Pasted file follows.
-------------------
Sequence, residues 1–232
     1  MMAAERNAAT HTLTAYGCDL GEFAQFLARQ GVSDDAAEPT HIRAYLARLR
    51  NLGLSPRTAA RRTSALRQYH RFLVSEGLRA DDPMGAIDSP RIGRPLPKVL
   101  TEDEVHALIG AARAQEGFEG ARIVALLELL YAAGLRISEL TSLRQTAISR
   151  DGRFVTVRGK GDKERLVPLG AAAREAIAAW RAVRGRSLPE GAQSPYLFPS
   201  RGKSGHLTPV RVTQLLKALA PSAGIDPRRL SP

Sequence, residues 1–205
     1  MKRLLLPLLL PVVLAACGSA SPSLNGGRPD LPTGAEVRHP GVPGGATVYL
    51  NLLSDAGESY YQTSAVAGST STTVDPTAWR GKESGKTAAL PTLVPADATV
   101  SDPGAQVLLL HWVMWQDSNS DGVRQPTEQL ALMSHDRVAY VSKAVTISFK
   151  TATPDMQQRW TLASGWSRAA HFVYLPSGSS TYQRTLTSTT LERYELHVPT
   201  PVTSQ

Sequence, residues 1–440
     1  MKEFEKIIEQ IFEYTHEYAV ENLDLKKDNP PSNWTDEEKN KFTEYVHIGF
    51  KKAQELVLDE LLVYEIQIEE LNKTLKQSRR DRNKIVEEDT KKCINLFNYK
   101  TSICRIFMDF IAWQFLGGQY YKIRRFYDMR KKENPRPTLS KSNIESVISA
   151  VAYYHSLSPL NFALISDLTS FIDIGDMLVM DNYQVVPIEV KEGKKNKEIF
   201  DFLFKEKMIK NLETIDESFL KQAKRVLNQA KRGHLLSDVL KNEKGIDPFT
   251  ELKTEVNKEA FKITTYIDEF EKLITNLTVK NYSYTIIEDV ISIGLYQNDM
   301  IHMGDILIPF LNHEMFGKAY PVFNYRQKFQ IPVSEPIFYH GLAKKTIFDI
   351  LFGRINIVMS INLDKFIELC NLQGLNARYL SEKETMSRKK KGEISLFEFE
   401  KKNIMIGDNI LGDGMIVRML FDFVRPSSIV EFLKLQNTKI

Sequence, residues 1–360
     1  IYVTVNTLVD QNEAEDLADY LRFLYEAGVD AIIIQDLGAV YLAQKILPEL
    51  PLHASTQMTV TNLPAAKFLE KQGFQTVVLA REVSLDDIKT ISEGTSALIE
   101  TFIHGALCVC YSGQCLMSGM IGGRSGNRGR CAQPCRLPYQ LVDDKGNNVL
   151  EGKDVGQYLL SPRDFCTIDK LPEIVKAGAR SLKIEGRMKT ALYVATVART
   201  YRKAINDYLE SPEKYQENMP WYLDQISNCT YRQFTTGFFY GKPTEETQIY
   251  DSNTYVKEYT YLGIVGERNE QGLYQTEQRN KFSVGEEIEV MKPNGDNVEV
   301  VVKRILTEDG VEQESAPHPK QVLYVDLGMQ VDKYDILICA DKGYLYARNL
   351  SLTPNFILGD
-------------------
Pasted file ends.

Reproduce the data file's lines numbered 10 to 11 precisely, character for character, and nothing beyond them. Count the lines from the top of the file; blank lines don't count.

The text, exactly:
   101  SDPGAQVLLL HWVMWQDSNS DGVRQPTEQL ALMSHDRVAY VSKAVTISFK
   151  TATPDMQQRW TLASGWSRAA HFVYLPSGSS TYQRTLTSTT LERYELHVPT